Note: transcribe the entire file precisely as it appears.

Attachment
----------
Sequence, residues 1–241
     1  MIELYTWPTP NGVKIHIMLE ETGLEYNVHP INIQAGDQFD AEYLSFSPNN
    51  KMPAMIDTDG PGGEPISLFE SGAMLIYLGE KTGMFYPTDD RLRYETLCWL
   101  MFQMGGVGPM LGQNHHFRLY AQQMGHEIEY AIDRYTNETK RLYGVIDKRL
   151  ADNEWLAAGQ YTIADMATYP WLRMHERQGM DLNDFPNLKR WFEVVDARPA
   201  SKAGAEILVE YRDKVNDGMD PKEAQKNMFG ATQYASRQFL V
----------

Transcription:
Sequence, residues 1–241
     1  MIELYTWPTP NGVKIHIMLE ETGLEYNVHP INIQAGDQFD AEYLSFSPNN
    51  KMPAMIDTDG PGGEPISLFE SGAMLIYLGE KTGMFYPTDD RLRYETLCWL
   101  MFQMGGVGPM LGQNHHFRLY AQQMGHEIEY AIDRYTNETK RLYGVIDKRL
   151  ADNEWLAAGQ YTIADMATYP WLRMHERQGM DLNDFPNLKR WFEVVDARPA
   201  SKAGAEILVE YRDKVNDGMD PKEAQKNMFG ATQYASRQFL V